It seems that health has been a topic not far from everyone’s lips of late, with reports surfacing almost daily of a crisis within the NHS, and the flu virus spreading fast.
While these reports are undoubtedly concerning, there are plenty of small things you can do to make 2018 a healthier, happier year, whatever your age. In this post, the team at Careium share their top ten health tips for starting 2018 the right way…
Get some fresh air each day where you can
Research has revealed that five minutes in the great outdoors each day can help to improve mental health. Understandably, venturing outdoors can sometimes prove challenging for those with mobility issues, but getting some fresh air doesn’t have to mean taking a long walk each day. Outdoor activity could include putting a chair in your back garden to observe nature, or undertaking some light gardening work in order to motivate you to step outside each day. If you do feel able to go out on a walk, but worry about going it alone, you can view our brochure to find out about our range of support solutions, including our GPS tracker and personal pendant.
Eat a variety of fruit and vegetables
You probably feel like you’ve heard this one many times before, but research released only last year suggested instead of the recommended five a day, adults should be eating ten portions of fruit and veg to help reduce the risk of disease and early death. You may wonder how you’ll be able to fit this in, particularly if you’re on a budget or have a small appetite, but adding a couple of portions of frozen fruit to your breakfast and two portions at lunch and dinner means you’re well on your way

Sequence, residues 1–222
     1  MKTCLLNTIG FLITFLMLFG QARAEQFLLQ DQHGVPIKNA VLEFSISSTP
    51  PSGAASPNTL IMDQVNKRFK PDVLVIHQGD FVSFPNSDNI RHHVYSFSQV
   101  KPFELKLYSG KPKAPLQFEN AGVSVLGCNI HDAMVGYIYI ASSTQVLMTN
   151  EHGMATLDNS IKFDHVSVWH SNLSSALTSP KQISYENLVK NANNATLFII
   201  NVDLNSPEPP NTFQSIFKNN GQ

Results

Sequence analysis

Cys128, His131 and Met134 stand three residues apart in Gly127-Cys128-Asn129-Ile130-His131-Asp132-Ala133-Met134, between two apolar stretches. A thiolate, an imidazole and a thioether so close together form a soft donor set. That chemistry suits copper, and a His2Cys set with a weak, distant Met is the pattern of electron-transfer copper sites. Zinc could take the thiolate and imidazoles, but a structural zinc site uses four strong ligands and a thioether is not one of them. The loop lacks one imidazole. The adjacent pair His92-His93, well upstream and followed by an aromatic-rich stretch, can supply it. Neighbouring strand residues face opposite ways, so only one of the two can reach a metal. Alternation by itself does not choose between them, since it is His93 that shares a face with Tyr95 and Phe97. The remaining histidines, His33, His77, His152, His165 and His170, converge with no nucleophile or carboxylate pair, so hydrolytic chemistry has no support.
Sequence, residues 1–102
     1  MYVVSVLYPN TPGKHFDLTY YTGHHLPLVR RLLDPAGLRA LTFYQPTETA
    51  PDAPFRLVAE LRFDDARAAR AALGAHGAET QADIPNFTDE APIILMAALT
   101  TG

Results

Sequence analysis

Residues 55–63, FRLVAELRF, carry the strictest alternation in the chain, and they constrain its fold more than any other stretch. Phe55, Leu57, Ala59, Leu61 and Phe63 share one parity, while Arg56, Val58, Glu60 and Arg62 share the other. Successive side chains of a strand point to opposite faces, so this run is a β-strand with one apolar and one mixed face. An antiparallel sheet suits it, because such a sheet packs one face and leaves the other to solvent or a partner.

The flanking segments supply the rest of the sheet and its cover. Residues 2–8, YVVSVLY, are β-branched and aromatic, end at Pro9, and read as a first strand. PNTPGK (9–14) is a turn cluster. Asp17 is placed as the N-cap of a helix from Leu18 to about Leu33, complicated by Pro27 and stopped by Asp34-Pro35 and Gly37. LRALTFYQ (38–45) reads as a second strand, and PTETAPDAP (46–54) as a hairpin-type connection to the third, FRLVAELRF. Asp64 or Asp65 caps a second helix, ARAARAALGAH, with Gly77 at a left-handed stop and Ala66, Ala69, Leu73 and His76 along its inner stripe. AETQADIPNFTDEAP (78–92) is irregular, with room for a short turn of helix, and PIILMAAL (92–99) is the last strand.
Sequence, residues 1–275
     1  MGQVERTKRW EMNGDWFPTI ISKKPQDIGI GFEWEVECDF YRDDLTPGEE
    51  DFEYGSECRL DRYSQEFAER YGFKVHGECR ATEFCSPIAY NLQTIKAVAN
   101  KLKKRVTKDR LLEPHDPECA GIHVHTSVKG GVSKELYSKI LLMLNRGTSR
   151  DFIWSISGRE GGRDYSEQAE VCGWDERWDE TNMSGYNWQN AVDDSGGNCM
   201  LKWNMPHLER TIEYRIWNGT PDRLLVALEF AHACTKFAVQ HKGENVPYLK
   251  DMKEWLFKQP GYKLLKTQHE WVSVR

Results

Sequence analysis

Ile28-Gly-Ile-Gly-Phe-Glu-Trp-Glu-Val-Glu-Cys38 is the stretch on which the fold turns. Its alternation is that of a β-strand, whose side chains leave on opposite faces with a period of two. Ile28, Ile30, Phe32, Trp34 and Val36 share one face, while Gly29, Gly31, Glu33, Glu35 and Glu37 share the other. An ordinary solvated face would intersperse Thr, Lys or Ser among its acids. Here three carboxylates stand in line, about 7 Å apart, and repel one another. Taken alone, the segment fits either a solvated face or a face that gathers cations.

Make your home as comfortable and easy to navigate as possible
The third of our health tips is to make your home as risk free as possible. If you have found yourself or a loved one falling at home recently, making sure the home is as safe as it can be is important if you’re to minimise injury. Remove any items that make entrances tight to walk through, and ensure there are no trip hazards on the floor. A lifeline personal alarm can help give you or your loved ones peace of mind should you fall while undertaking daily tasks. The alarm activates a connection to our monitoring service at the push of a button, so support can be easily accessed should you need it.
Keep your brain active
Whilst it’s important to keep your body active where possible, it’s also good to ensure you are exercising your brain. This is especially important if you live alone and have limited company to keep you stimulated. Do a crossword or puzzle each day, write a blog or diary, paint a picture or challenge yourself to learn something new.
Try to make sure you have company each week